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Self-positivity or self-negativity as a function of the Medial Prefrontal Cortex.

Yankouskaya, A. and Sue, J., 2021. Self-positivity or self-negativity as a function of the Medial Prefrontal Cortex. Brain Sciences, 11 (2), 264.

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DOI: 10.3390/brainsci11020264


Self and emotions are key motivational factors of a person’s strivings for health and well-being. Understanding neural mechanisms supporting the relationship between these factors bears far-reaching implications for mental health disorders. Recent work indicates a substantial overlap between processing of self-relevant and emotion information and proposed the MPFC as one of the neural signatures of the shared mechanisms. However, the precise cognitive and neural mechanisms represented by the MPFC are largely unknown. Here we addressed the question whether the neural underpinnings of self-related processing in the MPFC reflect positive or negative emotions. To test the distinct and shared neural circuits of self- and emotional-related processing, we collected fMRI data while participants performed personal and emotion associative matching tasks. By exploiting tight control over the factors that determine the effects of self-relevance and emotions, we contrasted these effects across the whole brain. We also assessed a seed-to voxel functional connectivity between the MPFC and the rest of the brain while accounting for the magnitude of self and emotions prioritization effects at the behavioural level. our univariate analysis revealed no differences in brain activation between the effects of self- and positive emotion-prioritization. Our results indicate that the ventral part of the MPFC which has established involvement in self-prioritization effects was not recruited in the negative emotion prioritization effect. In contrast, we found overlapping effects between self- and positive emotion prioritization. The results suggest that the prioritization effects for self and positive emotions are tightly linked together and the MPFC plays a large role in discriminating between positive and negative emotions in relation to self-relevance.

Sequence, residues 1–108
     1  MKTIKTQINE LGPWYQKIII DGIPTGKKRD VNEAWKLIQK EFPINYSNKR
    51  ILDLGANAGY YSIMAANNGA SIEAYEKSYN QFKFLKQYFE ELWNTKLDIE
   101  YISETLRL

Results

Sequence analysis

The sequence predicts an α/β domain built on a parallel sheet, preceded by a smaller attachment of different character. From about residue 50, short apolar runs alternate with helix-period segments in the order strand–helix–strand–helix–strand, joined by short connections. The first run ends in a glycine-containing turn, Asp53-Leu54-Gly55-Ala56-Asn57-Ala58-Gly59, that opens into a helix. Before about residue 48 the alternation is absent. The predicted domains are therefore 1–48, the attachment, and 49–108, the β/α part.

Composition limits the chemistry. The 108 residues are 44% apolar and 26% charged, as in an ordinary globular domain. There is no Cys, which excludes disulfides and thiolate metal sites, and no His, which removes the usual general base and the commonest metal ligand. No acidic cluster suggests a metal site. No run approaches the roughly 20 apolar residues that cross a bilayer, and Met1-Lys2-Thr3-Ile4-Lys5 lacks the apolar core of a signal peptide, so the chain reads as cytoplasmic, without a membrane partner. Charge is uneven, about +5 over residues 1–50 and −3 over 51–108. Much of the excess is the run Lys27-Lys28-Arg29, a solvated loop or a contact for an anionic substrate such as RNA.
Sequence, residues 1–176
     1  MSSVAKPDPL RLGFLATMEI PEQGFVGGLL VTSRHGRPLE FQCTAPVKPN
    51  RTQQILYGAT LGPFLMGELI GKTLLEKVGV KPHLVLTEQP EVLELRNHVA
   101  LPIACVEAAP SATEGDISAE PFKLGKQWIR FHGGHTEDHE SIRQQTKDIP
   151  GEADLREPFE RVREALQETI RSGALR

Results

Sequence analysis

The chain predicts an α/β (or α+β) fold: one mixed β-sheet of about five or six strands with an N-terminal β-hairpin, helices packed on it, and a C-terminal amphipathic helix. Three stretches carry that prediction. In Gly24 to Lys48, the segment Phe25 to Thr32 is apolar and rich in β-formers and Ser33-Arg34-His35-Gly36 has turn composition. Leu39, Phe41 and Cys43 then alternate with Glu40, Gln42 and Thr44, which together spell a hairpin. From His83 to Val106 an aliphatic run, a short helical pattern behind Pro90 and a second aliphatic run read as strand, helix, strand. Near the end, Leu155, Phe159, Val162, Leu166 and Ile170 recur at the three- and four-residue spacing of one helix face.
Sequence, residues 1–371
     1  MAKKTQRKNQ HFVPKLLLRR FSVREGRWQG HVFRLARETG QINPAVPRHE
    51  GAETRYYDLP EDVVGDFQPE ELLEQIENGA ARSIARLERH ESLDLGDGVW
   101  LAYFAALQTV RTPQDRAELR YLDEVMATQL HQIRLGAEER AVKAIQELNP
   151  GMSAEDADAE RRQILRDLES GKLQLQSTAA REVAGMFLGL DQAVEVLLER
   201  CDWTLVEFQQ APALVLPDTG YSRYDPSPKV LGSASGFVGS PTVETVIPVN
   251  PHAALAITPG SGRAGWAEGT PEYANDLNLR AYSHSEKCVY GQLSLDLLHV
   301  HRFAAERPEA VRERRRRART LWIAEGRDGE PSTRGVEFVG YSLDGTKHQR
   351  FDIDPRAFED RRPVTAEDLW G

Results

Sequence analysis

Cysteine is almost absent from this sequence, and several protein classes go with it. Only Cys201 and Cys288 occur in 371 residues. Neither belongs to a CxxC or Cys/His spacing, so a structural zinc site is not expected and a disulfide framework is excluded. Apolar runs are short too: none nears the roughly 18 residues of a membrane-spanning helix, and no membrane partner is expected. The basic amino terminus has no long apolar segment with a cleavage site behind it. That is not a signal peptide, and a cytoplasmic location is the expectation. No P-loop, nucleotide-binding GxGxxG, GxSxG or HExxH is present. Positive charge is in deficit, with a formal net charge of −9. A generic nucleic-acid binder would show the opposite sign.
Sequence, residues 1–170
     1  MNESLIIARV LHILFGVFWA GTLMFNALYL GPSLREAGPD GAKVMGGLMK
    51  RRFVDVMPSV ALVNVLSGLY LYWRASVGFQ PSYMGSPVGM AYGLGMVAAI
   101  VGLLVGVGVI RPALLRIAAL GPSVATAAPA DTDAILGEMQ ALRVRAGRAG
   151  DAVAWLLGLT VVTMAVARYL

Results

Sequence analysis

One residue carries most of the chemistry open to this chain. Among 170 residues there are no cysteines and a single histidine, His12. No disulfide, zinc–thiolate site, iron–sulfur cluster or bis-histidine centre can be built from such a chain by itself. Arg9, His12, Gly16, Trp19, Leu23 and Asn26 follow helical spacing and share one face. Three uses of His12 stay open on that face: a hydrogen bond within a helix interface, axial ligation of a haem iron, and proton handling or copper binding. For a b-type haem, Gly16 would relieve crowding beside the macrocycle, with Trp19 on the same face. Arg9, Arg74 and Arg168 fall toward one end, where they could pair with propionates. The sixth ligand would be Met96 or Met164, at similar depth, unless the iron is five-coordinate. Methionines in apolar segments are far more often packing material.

Item Type:Article
Additional Information:This article belongs to the Special Issue Brain Bases of Conscious Awareness and Self-Representation
Uncontrolled Keywords:self-prioritization; emotion prioritization; medial prefrontal cortex; fMRI; self-positivity bias
Group:Faculty of Science & Technology
ID Code:35057
Deposited By: Symplectic RT2
Deposited On:18 Feb 2021 18:38
Last Modified:14 Mar 2022 14:25


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